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Macquarie's new listed hybrid versus existing OTC Tier 1 hybrids

by Justin McCarthy | May 22, 2013

Last week Macquarie Group launched a new ASX listed hybrid paying a margin of 400bp over 6mBBSW. The issue, officially called the Macquarie Group Capital notes, has been upsized to $600m and will be used to repay the 11.095% fixed rate Converting Preference Share issued in June 2008 with a first call in June 2013.

The new security has a first conversion into Macquarie shares (or resale or cash call) date of 19 June 2018 and a final mandatory conversion into equity date of 21 June 2021 (subject to exchange conditions being met).

To qualify as Tier 1 capital the notes are perpetual and the coupons are non-cumulative, payable at the sole discretion of Macquarie. Also, as a “new style” hybrid there is a "non-viability trigger" meaning that APRA have the power, at their sole discretion, to convert the notes into ordinary Macquarie shares if they deem Macquarie to be at risk of failure, most likely resulting in a capital loss for investors. (See link for further details on “new style” versus “old style” hybrid risks).

While this new ASX listed issue compares reasonably well to recent issues with a similar structure from the majors which are trading at a margin of circa 285bps over 3m BBSW, there is also value for investors in the OTC market.

Macquarie Group and Macquarie Bank, the latter rated one to three notches higher by the three main rating agencies, have a number of existing OTC issues in USD. While they may not suit all investors, wholesale investors can access these issues including the Macquarie Bank Limited (London Branch) 10.25% Tier 1 hybrid with a first call date in June 2017 at an equivalent margin of 502bps over USD Libor. Given the shorter call date and 102bps in extra margin, this is considered a better security, notwithstanding the currency implications.

In the AUD OTC market, there are seven Tier 1 hybrid issues from four entities, none of which are franked and as such avoid the lower cash distributions and imputation credit issues that most ASX listed bank hybrids bring, including the proposed Macquarie issue.

All seven OTC issues are “old style” hybrid securities which are considered to be significantly more debt like and do not contain a non-viability clause. In addition, all are “step-up” securities and as previously written, we believe “step-up” securities are materially more likely to be called due to regulatory developments under Basel III and to a lesser extent Solvency II.

The following table highlights the credit margin over the relevant benchmark BBSW/swap curve for each of the seven OTC existing issues. All securities are priced to the first possible call date, although we believe given the structure of the “new style” Macquarie hybrid, the prospect of conversion to equity in 2018 or 2021 is relatively high.

With the more debt-like structure of the “old style” securities and higher level of confidence in call for cash at first date (as opposed to conversion into Macquarie shares), we believe the OTC options represent superior risk-return dynamics despite the lower credit margins on offer. However, the new Macquarie issue does compensate somewhat via additional margin for the higher risk issuer and “new style” structure.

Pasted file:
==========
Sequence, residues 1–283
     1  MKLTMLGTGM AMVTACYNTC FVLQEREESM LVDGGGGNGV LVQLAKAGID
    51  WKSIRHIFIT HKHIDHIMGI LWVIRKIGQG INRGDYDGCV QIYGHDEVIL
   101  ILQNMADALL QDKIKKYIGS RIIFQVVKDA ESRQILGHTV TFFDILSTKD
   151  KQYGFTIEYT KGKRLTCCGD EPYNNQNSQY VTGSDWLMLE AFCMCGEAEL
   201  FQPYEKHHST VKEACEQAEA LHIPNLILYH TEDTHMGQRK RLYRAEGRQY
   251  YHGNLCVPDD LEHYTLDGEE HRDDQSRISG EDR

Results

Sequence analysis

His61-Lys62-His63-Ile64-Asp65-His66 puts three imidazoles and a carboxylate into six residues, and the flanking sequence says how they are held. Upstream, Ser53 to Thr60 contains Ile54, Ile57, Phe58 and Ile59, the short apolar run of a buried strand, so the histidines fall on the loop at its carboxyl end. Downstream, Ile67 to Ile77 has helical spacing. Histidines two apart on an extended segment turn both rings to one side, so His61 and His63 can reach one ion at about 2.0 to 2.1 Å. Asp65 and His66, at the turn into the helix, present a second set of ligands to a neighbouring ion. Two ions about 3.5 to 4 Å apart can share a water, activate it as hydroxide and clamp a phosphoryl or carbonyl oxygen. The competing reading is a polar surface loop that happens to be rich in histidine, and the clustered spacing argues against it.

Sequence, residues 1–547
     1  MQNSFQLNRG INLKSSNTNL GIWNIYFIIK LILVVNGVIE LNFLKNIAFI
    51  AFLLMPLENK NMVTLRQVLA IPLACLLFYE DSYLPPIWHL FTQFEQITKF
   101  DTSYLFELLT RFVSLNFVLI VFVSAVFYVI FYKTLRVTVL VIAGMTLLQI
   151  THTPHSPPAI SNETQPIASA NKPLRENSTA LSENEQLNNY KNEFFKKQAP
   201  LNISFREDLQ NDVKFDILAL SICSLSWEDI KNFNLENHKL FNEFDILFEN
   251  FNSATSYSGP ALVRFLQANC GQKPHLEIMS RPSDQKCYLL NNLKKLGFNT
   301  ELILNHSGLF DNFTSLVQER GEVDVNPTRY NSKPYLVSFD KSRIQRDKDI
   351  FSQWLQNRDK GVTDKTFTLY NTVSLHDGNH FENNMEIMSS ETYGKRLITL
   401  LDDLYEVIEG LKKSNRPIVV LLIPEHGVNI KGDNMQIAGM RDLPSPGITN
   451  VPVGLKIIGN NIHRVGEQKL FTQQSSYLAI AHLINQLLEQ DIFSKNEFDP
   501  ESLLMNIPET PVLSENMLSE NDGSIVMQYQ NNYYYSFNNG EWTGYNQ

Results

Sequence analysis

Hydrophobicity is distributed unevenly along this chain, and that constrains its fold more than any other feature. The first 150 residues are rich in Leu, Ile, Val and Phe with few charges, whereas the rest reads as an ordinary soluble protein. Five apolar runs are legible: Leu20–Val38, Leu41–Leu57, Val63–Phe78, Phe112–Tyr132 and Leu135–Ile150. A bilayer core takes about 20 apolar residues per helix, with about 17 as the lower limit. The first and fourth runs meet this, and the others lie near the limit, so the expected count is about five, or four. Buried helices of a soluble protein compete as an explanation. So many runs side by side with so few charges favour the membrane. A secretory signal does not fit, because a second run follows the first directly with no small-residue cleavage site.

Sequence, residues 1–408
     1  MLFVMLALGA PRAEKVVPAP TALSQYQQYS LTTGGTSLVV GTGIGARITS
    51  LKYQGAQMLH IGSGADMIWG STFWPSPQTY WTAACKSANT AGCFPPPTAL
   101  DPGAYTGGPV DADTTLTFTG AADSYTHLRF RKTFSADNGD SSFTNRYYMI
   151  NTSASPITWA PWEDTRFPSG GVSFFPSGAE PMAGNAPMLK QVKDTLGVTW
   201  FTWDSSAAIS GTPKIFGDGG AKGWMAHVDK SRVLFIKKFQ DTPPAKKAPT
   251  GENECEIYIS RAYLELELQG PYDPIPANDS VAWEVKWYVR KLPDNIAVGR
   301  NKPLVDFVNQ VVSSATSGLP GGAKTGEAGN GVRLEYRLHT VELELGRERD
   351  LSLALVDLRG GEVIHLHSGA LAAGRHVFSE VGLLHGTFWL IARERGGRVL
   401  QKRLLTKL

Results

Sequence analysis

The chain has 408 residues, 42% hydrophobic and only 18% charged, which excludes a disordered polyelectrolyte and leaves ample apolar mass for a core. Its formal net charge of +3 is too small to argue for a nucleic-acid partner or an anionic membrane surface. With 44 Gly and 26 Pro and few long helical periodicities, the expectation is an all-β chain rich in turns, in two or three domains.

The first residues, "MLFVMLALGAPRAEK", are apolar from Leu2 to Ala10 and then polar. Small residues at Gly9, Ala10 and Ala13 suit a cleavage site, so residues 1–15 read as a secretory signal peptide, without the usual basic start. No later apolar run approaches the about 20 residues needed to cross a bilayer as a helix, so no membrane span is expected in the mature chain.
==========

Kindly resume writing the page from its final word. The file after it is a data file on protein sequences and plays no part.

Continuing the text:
In particular, we believe the Swiss Re securities continue to offer value given the estimated six to seven rating notch differential compared to the proposed new Macquarie issue and longer expected maturity date. As written may times in recent months we reiterate our view that any new or existing wholesale clients should strongly consider an overweight position to Swiss Re given the very strong credit metrics and comparative value versus other Tier 1 securities. Further, existing wholesale clients holding AXA SA should consider selling down some of that exposure and increasing their weighting to Swiss Re (subject to maintaining an appropriate weighting to financials and Tier 1 hybrid securities in their overall portfolio).

Investors looking for a shorter term horizon may prefer the Rabobank Tier 1 hybrid securities with an expected call date of 31 December 2014, just over 18 months away. Despite the short expected maturity, the current margin of 250bps is considered attractive compensation for what we regard as arguably the world’s strongest bank.

The National Capital Instruments appeal for investors who are looking for a domestic name or a higher quality banking name. Further, it is important to note that these are an obligation of the National Australia Bank as opposed to the Macquarie securities which will be issued by Macquarie Group/parent as opposed to Macquarie Bank Limited.

While the AXA Tier 1 hybrid securities exhibit the highest margin of seven OTC Tier 1 hybrids, we believe the Swiss Re, Rabobank and National Capital Instruments represent superior value on a risk-reward basis. Compared to new Macquarie issue, we would still prefer AXA due to the more debt like structure and existence of the step-up clause, however it is a close call and we would remind investors that AXA remains highly exposed to developments in Europe, as well as Solvency II regulatory risk and Standard and Poor’s revision of its methodology towards the rating of subordinated debt and Tier 1 hybrids of insurance companies.

All prices and yields are a guide only and subject to market availability. FIIG does not make a market in these securities